Two interesting items in the online news caught our attention recently. Both were serious reports from the business world about the comparative effectiveness of search engines, social media and email.
Both were completely credible, widely circulated, and good fodder for strategic thinking and planning. The contrasting information asks and answers vital questions. With an equal amount of believability, one might be left wondering:
- Is social media more effective than search engines?
- Is email really beating the pants off social media?
- Is a Facebook page more important (valuable) than a website?
In fairness, this information is a reflection of corporate and retail business (customers), and not specifically about medical marketing and/or healthcare advertising (patients). Still, there’s useful information here…we’re talking about big gun Forrester Research, and the marketing mega-data firm Custora that crunched numbers from 72 million customers over many sites and several years.
Report One: Social Media is Beating Search Engines
First, regarding Forrester Research data via Entrepreneur, Ben Weitzenkorn wrote: “While most people in the US still use traditional search engines such as Google to find what they’re looking for online, users—especially younger ones—are increasingly discovering websites by way of social networks.” More comparative data points:
- Better than half (54%) of American Internet users find info via traditional search; and
- Social media (i.e. Facebook, Twitter) are the primary discovery tool for about one-third of users.
Report Two: Email Beats Twitter and Facebook (for Making Sales, that is)
Meanwhile, Marcus Wohlsen at Wired.com reminded everyone that, “In 2013, no company can expect to be taken seriously if it’s not on Facebook or Twitter.” But, pulling from a report by Custora, it turns out that email is a growing giant that dramatically outperforms Facebook when it comes to converting prospects into buying customers. And by that standard, Twitter wasn’t in the game.
Retailers are being far more effective with email for converting customers into new business than via social media. This report spawned several stories trumpeting the idea—as with the Wired.com headline, “Email Is Crushing Twitter, Facebook for Selling Stuff Online.” This is great news for email, which has quadrupled its rate of acquired customers over the past few years.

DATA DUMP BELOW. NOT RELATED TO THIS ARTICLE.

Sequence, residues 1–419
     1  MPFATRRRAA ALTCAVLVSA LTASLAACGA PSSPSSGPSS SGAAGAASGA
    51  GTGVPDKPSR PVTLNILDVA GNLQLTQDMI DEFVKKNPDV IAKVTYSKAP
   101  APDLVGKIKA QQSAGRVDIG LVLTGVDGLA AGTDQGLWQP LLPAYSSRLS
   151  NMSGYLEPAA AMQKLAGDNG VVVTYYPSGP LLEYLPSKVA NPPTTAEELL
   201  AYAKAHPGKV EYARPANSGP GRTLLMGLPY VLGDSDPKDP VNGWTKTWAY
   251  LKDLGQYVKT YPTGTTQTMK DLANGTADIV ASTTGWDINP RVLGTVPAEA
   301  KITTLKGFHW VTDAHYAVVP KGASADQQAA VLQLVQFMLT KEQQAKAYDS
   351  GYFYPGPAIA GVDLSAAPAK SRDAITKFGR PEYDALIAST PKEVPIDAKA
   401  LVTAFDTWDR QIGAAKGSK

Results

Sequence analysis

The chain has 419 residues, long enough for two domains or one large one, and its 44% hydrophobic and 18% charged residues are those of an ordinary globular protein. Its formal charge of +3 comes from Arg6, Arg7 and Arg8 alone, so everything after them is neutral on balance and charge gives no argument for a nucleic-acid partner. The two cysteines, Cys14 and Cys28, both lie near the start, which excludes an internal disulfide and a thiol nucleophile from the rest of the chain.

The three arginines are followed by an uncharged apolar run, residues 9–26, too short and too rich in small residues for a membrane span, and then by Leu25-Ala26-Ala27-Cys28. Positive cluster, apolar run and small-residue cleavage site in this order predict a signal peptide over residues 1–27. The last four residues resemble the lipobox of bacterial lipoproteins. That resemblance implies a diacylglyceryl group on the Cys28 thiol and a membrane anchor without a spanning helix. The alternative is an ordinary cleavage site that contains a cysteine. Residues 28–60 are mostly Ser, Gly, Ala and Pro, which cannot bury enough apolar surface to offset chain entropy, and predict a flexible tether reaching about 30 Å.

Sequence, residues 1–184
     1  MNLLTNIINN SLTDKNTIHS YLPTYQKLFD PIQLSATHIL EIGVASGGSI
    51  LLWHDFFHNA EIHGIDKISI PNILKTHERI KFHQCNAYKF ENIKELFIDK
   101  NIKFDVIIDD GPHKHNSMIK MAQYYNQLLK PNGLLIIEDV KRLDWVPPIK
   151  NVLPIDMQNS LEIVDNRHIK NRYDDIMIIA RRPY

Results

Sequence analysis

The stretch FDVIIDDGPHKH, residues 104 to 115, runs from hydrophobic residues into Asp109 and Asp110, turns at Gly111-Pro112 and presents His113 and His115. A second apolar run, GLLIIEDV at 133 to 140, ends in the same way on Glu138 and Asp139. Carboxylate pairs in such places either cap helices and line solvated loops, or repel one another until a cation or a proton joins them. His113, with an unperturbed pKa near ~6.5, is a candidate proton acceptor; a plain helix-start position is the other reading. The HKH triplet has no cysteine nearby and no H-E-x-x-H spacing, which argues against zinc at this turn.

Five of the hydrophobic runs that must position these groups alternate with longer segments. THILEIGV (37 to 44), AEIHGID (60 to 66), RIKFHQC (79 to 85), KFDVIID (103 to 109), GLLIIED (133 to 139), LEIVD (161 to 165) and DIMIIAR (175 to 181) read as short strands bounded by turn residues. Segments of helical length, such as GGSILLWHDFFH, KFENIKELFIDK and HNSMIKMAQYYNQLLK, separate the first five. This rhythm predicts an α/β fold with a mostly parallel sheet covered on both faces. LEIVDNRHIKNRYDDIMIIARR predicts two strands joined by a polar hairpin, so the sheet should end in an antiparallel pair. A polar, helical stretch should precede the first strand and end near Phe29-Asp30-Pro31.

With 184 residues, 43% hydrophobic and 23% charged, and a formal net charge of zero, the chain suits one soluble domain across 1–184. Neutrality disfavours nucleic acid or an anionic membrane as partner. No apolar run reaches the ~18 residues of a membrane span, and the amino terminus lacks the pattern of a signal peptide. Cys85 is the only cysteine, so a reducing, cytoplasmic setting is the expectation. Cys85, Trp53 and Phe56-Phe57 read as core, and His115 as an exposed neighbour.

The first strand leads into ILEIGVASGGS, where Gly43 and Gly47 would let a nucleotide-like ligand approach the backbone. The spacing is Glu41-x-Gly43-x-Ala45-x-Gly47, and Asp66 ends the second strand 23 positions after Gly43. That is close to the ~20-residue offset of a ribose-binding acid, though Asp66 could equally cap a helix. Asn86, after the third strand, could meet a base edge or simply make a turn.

But that’s not the entire story. It didn’t make most of the headlines, but Custora data also showed that organic search was still, far-and-away, the most popular pathway for business to acquire customers. That’s not to say that social media does not play an important role in a comprehensive marketing plan, but search beats email and social media in making sales.
The bottom line: Marketing professionals should monitor how demographic sectors differ in their search and selection preferences. There’s no singular solution, and the swing toward social networks suggests a “focus on broader engagement instead of simply trying to drive an immediate sale.”
The important take-away idea for healthcare and hospital marketing is that, according to both reports, organic search remains the primary means for users to find what they are looking for online. Further, your internet marketing resources—website, Facebook page, email or social media—require your own, personalized, comparative ranking with respect to what works best in your situation.
These studies suggest that the relative “marketing muscle” will differ, and how they stack-up for you (or for audience segments) is likely changing. Dig into your tracking data and analytics tools to know what’s current, correct and effective. (Hint: It may not be what you think.)
These trends from business suggest how Internet users search and buy online, and can provide useful insight for healthcare marketing professionals. You’ll want to read both online news items and the related data: Social Media May Soon Drive More Traffic to Your Website Than Search Engines [Entrepreneur], and Email Is Crushing Twitter, Facebook for Selling Stuff Online [Wired].
Stewart Gandolf, MBA